Most Read... Rebecca WattsThe Cult of the Noble Amateur
(PN Review 239)
John McAuliffeBill Manhire in Conversation with John McAuliffe
(PN Review 259)
Eavan BolandA Lyric Voice at Bay
(PN Review 121)
Patricia CraigVal Warner: A Reminiscence
(PN Review 259)
Vahni CapildeoOn Judging Prizes, & Reading More than Six Really Good Books
(PN Review 237)
Tim Parksin conversation with Natalia Ginzburg
(PN Review 49)
Next Issue Gwyneth Lewis ‘Spiderings’ Ian Thomson ‘Fires were started: Tallinn, 1944’ Adrian May ‘Traditionalism and Tradition’ Judith Herzberg ‘Poems’ translated by Margitt Helbert Horatio Morpurgo ‘What is a Book?’
Poems Articles Interviews Reports Reviews Contributors
PN Review 276
PN Review Substack

This review is taken from PN Review 212, Volume 39 Number 6, July - August 2013.

Grim Brilliance andré naffis-sahely and julian stannard (eds.), The Palm Beach Effect: Reflections on Michael Hofmann (CB editions) £10

Admirers of Michael Hofmann will enjoy this collection of essays, anecdotes and poems from the elegantly various CB editions – not quite a Festschrift, writes Julian Stannard, because the poet isn’t done yet. Some contributors are understandably hamstrung by matiness: ‘it is difficult and delicate to write about a friend and contemporary’, remarks Stephen Romer. Yet Tessa Hadley is substantive about Hofmann’s ‘male-centredness’; Jamie McKendrick illustrates his subjection of ‘a long English tradition of melopoeia…to a kind of critique’; Rosanna Warren and David Wheatley discuss sensitively his use of ellipsis, which is usually traced, like his lists of adjectives, back to Robert Lowell. As Hofmann writes in ‘My Father’s House Has Many Mansions’:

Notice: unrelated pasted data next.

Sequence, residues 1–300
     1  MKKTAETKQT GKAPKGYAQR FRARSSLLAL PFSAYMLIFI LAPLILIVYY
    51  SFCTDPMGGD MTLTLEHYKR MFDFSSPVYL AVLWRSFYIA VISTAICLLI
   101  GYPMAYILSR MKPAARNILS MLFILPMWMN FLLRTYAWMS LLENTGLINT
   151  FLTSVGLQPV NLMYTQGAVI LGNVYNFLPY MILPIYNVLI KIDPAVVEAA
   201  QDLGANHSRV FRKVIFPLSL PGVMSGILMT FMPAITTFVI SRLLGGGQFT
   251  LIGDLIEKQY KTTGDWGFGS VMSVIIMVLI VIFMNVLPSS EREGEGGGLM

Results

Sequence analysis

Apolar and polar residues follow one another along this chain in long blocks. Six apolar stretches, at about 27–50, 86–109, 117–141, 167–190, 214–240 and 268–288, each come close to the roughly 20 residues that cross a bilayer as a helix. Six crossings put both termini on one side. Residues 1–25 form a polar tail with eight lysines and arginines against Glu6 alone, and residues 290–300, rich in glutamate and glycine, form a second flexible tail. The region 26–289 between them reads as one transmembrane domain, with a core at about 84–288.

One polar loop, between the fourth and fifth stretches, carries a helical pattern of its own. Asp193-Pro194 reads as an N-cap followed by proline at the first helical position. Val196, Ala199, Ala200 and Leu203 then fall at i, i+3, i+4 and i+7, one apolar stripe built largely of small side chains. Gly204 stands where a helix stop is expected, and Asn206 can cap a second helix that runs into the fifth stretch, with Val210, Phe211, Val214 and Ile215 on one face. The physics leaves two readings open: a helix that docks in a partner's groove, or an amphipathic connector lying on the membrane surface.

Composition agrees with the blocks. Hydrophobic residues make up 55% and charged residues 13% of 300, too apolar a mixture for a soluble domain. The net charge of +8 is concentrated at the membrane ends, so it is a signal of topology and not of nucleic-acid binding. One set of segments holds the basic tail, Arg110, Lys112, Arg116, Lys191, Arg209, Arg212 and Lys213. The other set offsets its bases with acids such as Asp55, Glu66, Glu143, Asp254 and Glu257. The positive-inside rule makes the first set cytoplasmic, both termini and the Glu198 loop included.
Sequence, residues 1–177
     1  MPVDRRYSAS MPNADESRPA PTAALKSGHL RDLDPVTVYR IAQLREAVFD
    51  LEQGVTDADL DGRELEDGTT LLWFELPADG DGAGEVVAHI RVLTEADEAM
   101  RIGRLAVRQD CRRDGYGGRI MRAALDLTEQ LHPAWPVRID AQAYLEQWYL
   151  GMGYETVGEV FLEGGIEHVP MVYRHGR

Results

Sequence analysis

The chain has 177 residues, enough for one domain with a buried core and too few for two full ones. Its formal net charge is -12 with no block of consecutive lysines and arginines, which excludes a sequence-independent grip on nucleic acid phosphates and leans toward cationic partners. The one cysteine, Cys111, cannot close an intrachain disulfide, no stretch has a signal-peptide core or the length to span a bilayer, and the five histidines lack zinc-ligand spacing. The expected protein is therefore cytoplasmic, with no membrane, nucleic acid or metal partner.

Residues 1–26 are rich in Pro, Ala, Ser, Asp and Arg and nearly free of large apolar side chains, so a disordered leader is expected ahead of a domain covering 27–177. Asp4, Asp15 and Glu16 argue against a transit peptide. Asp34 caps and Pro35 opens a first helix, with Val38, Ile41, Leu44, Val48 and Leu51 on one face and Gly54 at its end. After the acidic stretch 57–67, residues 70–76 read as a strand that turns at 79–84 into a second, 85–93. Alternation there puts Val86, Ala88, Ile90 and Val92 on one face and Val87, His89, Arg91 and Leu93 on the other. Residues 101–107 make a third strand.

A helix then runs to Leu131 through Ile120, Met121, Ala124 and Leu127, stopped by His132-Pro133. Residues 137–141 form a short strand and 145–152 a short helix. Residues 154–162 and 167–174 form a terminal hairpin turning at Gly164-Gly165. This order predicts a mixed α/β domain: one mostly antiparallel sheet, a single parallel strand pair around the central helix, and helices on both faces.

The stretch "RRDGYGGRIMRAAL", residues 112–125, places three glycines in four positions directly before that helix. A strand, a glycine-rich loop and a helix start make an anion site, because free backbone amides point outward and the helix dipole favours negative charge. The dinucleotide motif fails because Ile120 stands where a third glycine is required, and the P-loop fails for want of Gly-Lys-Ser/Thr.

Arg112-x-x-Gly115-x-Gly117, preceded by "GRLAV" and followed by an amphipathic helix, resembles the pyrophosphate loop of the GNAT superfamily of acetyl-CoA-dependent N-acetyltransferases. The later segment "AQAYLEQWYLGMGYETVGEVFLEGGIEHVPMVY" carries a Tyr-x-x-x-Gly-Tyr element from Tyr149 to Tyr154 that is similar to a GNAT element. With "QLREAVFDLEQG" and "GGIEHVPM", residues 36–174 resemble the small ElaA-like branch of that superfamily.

Our heavy glances tipped us forward – the future,
a wedge of pavement with our shoes in it …
In your case, beige, stacked, echoing clogs

This is from Acrimony (1986), a collection centring around the poet’s relationship with his father, the novelist Gert Hofmann, whom he has translated. The older Hofmann wasn’t pleased about the poems, whose precision, one assumes, is merciless. These lines are written out of and describe a type of clamped focus – on a certain subject, mood, on the gouged feel of words themselves – that isn’t all there is to this fine poet, but is more than characteristic. His intelligence operates on the level of the sentence – Hofmann says he reads novels for their sentences – and elects for abruption over ...


Searching, please wait... animated waiting image